A senior law professor at the University of Otago says a Dunedin school may be in some difficulty over its communication about the upcoming cannabis referendum.
King's High School rector Nick McIvor used the school's Facebook page to express concern about the potential for cannabis use to be legalised.
Some parents supported his right to express his views and others questioned the legality of the school straying from political neutrality.
University of Otago law professor Andrew Geddis said the law was a little complex.
Teachers were not required to be politically neutral, he said.
However, the board of trustees was an "agency" of the State Services Commission.
Even if the rector's post complied with the school's social media policies, there might still be a problem over whether the school's policies were compliant with the commission's guidance on political neutrality.
"We could be drifting towards something to the detriment of our young people; something that will be deeply regretted in future," McIvor wrote.
"It can be tough being a teenager at the best of times in modern life. To make cannabis even more widespread will only add to this and it's reckless to do so."
The school did not remove the post during the weekend and board chairman Richard Wingham said on Facebook the board had a neutral position on the referendum.
"Mr McIvor has not suggested to readers how they ought to vote on the issue, nor did he intend to do so.
"The original Facebook post has been left up on the basis that discussion in this area is seen as of benefit for the community as long as those comments are constructive."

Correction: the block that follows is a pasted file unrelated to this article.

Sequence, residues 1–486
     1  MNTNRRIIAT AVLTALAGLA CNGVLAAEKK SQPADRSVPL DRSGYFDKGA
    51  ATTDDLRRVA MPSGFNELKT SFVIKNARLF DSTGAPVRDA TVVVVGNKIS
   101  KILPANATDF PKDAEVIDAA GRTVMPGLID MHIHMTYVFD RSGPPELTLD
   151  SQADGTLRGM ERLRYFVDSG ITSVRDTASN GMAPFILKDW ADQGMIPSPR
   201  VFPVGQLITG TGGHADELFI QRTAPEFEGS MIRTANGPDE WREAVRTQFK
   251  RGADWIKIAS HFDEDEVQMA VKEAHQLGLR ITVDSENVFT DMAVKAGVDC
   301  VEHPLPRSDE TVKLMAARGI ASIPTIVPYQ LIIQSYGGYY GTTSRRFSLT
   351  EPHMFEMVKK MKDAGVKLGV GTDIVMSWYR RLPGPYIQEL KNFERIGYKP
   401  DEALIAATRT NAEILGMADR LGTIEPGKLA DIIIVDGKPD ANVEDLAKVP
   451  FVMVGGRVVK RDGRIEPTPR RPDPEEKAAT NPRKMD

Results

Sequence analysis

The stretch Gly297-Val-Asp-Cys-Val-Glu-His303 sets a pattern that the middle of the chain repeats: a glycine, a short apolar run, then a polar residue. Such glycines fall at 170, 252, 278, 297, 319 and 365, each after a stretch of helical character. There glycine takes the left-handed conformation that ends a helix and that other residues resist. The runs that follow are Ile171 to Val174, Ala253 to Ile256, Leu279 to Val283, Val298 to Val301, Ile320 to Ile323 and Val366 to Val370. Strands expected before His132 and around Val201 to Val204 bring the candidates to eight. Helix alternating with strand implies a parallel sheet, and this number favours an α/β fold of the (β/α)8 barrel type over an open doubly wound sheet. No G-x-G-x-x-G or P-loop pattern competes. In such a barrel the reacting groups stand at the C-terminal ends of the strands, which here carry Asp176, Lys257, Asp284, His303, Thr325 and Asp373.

McIvor's post attracted 478 comments by 8.25pm last night and Wingham's post had 102 comments.
Geddis responded to the claim that the rector had not suggested to readers how they ought to vote on the issue with "yeah, right".
If the rector's comments had been printed in a school newsletter, they would need to be accompanied by a promoter's statement, Geddis said.
In his post, McIvor acknowledged a range of views for and against legalisation in the lead-up to the referendum, but said he was "struggling to see how legalisation would improve the lives of young people in New Zealand".
"I fear that it would make them worse," he said in his Friday evening message.
The proposed bill had been promoted as "controlling" the availability of cannabis.
But it was more likely to increase consumption, and to put "more cannabis directly into the lives of our young people, at a critical and sometimes vulnerable time in their lives".
During his 26 years in secondary education, while working as a teacher, coach, dean and senior manager, he wrote he had worked with pupils who were cannabis users.
"Often we saw apathy, underachievement and reduction in academic performance."
Comments on the McIvor's post included criticism over the use of the school's Facebook page to express who some thought to a person opinion as well as the implied stance over the referendum.
"Curious about your thoughts on incarceration and the impact the criminalisation of weed has on the Māori and Pasifika population?" wrote one. "Legalising and regulating weed will make it safer than what it is already, cause like it or not, people are still going to be smoking it. Glad to see where your priorities are at."
However, others supported McIvor. "Well said. As an educator and mental health advocate, cannabis plays no part in building a better society."